Monday, October 27, 2014

Primulina progress --- Where will it come from?

Primulina 'Aiko'
Story # 140,

            Maybe a few thousand people in the World know what a Primulina is.  Hobbyists who may be growing this obscure Genus from Asia have their own opinions about the worth of this African Violet relative.  Even the Gesneriad flower shows have had to compensate for the long delay in flowering by having judged classes both for in flower and not in flower.

            Because they can be grown as attractive foliage plants gives hope that Primulinas could be a commercial crop

            But where will the new varieties come from?  Who will champion the plants to develop the market, improve the variegation, shorten the flowering time, add new flower colors or develop faster production techniques?

            In the computer tech business, venture capital bets on the next Big Thing.  No such thing in horticulture.  The rewards are too small.  No horticulture company can be cashed in with an IPO.

            Progress will have to come from curious hobbyists who like to create something new.   That’s where the existing hybrids have come from.

Saturday, October 25, 2014

Primulina --- So what's the common name going to be?

Primulina 'Nimbus' grown by Beverly Williams
Story  # 139,

            Plants have common names and botanical names.  Common names evolve over time and have infinitely different origins.

            The common names help the casual observer identify plants and make life simpler, e.g., the burn plant got associated with Aloe vera because its sap can be used on minor kitchen burns.

            Confusion arises when there are several common names like ‘String of peas’. ‘String of pearls’, ‘Pea vine’ for Senecio rowleyanus.

            Botanical names follow strict nomenclature rules, such that a particular species can only have one Latin name, described as Genus and species.  Some plants settled on the botanical name being the common name, e.g., Poinsettia and Chrysanthemum.

            The question is what are we going to call Primulina?

             I'm proposing that Primulina is like an African Violet, but better!

            Primulina species are native to China and North Vietnam.

            Will they become known as Chinese Violets, Vietnamese Violets or just Primulina?

            I would have voted for Chiritas, the previous and much cooler Genus name for Primulina.  Primulina will get confused with Primrose (Genus: Primula)

            My second choice would be Vietnamese Violets.  Vietnam should be known for something besides a futile war.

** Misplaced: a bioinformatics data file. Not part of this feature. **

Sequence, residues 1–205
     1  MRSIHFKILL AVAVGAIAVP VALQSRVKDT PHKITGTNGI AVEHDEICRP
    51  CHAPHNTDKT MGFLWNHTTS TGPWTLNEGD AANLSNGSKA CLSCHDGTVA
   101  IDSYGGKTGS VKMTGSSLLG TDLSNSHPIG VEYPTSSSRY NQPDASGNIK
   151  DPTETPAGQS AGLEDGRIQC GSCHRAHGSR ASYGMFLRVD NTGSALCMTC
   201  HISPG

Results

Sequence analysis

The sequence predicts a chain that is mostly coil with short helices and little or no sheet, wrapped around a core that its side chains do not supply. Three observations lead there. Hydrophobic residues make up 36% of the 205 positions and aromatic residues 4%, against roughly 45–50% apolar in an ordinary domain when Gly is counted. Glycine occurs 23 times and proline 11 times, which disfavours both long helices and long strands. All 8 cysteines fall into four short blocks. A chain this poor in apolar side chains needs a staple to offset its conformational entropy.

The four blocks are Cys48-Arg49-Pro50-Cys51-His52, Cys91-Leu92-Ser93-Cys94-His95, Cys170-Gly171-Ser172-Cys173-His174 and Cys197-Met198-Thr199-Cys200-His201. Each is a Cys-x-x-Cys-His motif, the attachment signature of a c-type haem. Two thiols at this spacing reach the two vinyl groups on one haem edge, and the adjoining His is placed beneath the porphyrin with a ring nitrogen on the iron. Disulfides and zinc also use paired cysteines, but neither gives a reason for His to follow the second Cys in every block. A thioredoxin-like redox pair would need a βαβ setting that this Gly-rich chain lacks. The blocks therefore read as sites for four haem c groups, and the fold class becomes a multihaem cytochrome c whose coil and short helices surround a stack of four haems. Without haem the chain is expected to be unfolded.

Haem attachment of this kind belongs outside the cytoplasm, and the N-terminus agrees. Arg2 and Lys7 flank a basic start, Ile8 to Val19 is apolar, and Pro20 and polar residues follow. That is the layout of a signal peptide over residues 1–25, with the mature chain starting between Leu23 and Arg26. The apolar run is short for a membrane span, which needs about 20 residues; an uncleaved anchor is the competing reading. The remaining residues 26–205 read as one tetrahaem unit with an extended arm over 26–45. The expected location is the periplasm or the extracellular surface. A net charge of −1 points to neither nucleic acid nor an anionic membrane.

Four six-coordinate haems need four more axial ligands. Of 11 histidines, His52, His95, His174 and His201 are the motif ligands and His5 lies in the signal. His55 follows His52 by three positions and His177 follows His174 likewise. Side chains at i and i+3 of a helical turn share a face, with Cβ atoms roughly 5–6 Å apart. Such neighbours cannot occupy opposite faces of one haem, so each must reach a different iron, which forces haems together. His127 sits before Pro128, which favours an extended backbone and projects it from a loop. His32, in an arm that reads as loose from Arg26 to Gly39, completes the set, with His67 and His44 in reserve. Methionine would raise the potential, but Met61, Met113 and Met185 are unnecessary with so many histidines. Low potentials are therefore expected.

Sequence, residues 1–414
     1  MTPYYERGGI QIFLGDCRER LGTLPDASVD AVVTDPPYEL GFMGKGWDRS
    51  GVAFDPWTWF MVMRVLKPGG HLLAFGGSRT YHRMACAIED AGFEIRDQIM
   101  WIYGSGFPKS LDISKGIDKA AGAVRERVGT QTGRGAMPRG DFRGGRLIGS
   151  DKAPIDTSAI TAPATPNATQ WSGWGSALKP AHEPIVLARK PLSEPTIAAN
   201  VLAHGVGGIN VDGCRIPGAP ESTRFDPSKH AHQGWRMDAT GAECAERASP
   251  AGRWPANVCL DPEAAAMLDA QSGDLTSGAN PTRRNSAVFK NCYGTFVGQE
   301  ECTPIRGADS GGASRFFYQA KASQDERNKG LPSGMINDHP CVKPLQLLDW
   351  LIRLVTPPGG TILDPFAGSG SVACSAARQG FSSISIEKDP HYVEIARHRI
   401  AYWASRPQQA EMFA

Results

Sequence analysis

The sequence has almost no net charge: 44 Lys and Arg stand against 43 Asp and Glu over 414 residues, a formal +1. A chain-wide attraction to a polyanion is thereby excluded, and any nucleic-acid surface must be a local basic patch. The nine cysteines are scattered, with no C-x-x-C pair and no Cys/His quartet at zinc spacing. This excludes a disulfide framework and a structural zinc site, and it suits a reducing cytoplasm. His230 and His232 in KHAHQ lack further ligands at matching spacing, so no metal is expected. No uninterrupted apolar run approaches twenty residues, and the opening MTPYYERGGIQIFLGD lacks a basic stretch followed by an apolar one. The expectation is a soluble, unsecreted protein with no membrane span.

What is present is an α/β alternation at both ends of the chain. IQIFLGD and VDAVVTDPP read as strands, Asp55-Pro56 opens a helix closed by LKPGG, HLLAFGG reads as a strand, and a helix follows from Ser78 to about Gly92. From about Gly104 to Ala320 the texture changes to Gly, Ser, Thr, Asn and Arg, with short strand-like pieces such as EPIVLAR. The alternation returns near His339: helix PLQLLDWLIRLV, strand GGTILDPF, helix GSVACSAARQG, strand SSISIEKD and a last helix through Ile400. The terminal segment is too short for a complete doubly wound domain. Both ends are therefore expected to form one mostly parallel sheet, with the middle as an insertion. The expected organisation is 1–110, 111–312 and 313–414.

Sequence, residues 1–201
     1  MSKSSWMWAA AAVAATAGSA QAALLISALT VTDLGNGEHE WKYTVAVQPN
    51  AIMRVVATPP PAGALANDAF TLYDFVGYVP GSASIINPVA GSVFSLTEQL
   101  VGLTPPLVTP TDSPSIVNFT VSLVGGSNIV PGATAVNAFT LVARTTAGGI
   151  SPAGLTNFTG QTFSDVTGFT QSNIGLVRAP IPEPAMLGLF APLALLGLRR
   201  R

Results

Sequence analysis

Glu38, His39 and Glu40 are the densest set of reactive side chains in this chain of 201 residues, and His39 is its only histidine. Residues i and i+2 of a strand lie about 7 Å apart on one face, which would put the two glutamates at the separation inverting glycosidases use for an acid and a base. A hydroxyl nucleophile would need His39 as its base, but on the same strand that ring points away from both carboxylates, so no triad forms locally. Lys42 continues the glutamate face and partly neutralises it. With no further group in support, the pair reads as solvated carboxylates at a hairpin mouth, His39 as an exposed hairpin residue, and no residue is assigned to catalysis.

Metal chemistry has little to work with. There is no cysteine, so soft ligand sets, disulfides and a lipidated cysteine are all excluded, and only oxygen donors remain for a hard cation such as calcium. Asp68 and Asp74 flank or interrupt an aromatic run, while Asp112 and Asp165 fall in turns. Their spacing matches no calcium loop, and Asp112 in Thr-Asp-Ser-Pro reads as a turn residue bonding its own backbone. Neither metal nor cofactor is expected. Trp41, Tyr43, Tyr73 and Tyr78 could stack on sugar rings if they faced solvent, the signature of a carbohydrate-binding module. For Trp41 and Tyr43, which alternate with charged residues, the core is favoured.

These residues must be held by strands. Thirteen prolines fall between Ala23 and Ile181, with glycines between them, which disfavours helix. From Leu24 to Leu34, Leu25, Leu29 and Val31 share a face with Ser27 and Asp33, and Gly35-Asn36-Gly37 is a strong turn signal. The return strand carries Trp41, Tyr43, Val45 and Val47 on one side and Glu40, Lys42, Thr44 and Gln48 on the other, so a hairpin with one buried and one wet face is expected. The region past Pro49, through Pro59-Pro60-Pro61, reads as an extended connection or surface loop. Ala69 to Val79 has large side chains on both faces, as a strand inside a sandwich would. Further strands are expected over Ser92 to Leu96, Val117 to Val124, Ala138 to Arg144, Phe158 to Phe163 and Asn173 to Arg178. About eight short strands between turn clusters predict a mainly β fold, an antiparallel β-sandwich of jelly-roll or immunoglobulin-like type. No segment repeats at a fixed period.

The ultimate choice to match up with African Violets is Asian Violets.

            Will the name ‘Asian Violets’ become common?

Monday, October 20, 2014

10+ Reasons people buy 'Mini' plants

Pincushion spikemoss - Selaginella kraussiana 'Brownii'
Story # 138,

            There is demand for ‘Mini’ plants for Miniature Gardens.  Garden Centers that have Terrarium and Miniature Garden departments need and use a steady supply of small plants.

            What are gardeners doing with these plants?

            In spite of us wanting everybody to have a Miniature Garden in their house, the reality is that very few do.

            Here are some ideas of where this volume of ‘Mini’ plants is going:

1.   I want plants appropriate for a Miniature Garden --- the base group who need a tree, shrub, vine, flower and ground cover.

2.   I want plants appropriate for a terrarium --- smaller plants that like humidity.

3.  I need a small plant that will go into this nice pot I just bought.  People will carry the pot around to match the plant.

 4.   I need to replace a plant in my Terrarium/Miniature Garden.

 5.  I collect plants and I see a new one I like.

 6.  I need plants for a flower show display that I’m making.

 7.  I want to try a small plant of a new variety before I buy a big one.

  8. I can buy a lot of little plants because they cost less and I want to try them.

  9. I need a souvenir plant and this little one will do it.

 10.  I’m traveling and only have room for a small plant.

           11.  It’s cute!  Never underestimate the marketing value of cute.

We are never sure why people do what they do, but the more plant varieties you have, the more they buy.

Sunday, October 19, 2014

Hemizygia 'Candy Kisses' - The New Flowering Plant for Winter

Hemizygia 'Candy Kisses', Budded, 15 October 2014
Story # 137,

            The Great Stagnation is revised.  There have been books written and arguments made that there is nothing new and nobody is working on anything.

            The crop of Hemizygia ‘Candy Kisses’ is budded and will be in flower by Christmas.  Although ‘Candy Kisses’ is sold in the Spring as a contrasting variegated plant for mixed planters, it has never been seen as a Winter flowering houseplant.

            Will gardeners find it interesting with bright variegated leaves and pink flowers or just complain that there is nothing new?

            I’ve decided --- the theory of stagnation in ideas and new products is just stupid.  So I won’t be writing a book about it.

            It has taken 2 years to get to this new crop grown as a flowering plant.  First seen at the Philadelphia Flower show in March 2013, it was not in flower.  Since short days initiate the flowers, that specimen plant in the show must have been growing under lights with extended day length for more growth. 

            Once I found some stock from a propagator in Israel, I’ve been selling small branched tip cuttings in the ‘Mini’ plant mix.